SCOTTISH FA chief executive Stewart Regan last night welcomed Sepp Blatter’s decision to step down as Fifa president and said he was keen to discuss how to reform world football’s governing body when he meets with other Uefa associations in Berlin this weekend.
Blatter staged an impromptu press conference at 5:45pm BST in Zurich to make the stunning announcement that he was walking away from his post, just four days after he won a fifth term of office.
“Football’s governing body needs reformed. We are glad Blatter now shares that view”Stewart Regan
The 79-year-old Swiss has called an extraordinary congress to elect a new president.
“The Scottish FA welcomes the news today that Sepp Blatter has confirmed his intention to step down as president of Fifa and convene an extraordinary congress to elect a replacement,” Regan said in a statement.
“We, like many other national associations, have maintained that the governance of world football’s governing body requires to be reformed – especially in light of recent allegations – and we are glad Mr Blatter now shares this view. We will discuss today’s developments and any collective next steps with all other Uefa associations at next weekend’s Champions League final in Berlin.”
In an interview with BBC Radio Scotland last night, Regan expressed his wish that the game can now be “rebuilt at a global level”. In the specific case of Blatter, he added: “It is difficult to know what has made him come to this decision – the tsunami of frenzied interest in the story perhaps made Blatter realise he doesn’t have the support of football players, fans and other associations.”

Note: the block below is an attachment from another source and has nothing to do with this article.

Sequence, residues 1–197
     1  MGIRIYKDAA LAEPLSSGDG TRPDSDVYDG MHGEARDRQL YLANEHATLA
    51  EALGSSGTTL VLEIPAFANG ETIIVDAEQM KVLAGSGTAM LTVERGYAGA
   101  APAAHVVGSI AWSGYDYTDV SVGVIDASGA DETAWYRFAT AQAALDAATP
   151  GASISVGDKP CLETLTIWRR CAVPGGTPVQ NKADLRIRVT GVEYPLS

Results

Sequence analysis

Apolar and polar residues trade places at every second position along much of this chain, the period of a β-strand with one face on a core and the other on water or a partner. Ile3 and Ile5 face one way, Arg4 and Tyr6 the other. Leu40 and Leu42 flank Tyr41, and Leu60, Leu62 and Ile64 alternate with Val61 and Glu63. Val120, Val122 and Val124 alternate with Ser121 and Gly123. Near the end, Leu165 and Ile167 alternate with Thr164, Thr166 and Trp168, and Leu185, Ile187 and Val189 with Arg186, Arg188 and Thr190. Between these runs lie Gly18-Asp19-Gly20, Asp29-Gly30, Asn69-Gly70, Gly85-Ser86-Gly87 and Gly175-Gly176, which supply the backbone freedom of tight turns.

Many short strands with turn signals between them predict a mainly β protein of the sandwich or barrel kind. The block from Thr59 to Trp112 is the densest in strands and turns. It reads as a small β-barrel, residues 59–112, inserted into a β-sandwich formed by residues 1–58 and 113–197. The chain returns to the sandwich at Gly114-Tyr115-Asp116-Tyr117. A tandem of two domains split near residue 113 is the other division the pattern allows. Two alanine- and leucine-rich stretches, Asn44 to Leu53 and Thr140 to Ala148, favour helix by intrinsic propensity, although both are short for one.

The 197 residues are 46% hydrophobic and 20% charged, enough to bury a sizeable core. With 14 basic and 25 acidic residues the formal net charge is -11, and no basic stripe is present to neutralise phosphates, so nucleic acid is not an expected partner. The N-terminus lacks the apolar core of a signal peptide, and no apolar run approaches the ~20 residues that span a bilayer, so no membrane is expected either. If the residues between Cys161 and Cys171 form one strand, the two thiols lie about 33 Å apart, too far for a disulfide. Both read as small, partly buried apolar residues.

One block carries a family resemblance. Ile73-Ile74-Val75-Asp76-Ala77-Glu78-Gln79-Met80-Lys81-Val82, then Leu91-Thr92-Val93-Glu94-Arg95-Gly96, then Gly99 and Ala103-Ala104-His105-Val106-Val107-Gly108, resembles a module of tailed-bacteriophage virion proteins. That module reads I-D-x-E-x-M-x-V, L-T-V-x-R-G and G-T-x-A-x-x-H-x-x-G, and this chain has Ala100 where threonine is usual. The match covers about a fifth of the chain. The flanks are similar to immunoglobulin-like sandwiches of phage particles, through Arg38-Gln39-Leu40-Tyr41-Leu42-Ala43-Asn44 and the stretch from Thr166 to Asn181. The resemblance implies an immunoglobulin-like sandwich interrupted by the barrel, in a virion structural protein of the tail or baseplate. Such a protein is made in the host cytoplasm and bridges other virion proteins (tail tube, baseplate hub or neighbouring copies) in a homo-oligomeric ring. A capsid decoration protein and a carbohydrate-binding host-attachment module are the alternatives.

On the subject of whether the World Cup should still be going to Russia and Qatar in 2018 and 2022 respectively, Regan added that there was, to date, “no evidence of any wrong-doing”.
Jamie Hepburn, the Scottish Government’s Minister for Sport, Health Improvement and Mental Health, also welcomed Blatter’s decision.
He told STV: “As president, Sepp Blatter is responsible for what happens at Fifa. I welcome his resignation, and hope that it signals a fresh start for Fifa, and that a change of leadership will help Fifa to begin to recover its reputation and regain our confidence in the way the global game is run.
“Recent arrests of senior Fifa officials on charges of alleged corruption are deeply concerning for anyone who cares about football. The World Cup is too important to be tarnished with scandal and suggestions of criminal behaviour. I support the calls of Stewart Regan, chief executive of the Scottish FA, for fundamental and urgent changes to the way Fifa is governed.”
Blatter’s fall comes amid a widening corruption scandal. His re-election on Friday came two days after a corruption crisis erupted and seven Fifa officials were arrested in Zurich ahead of the organisation’s congress.
The final straw seems to have come when Fifa was forced to admit that it had paid $10 million destined for the South Africa World Cup to an account controlled by the disgraced former vice-president Jack Warner.
The payment followed a letter from the South African FA to Fifa secretary general Jerome Valcke. The money is being investigated as a World Cup votes bribe by the FBI.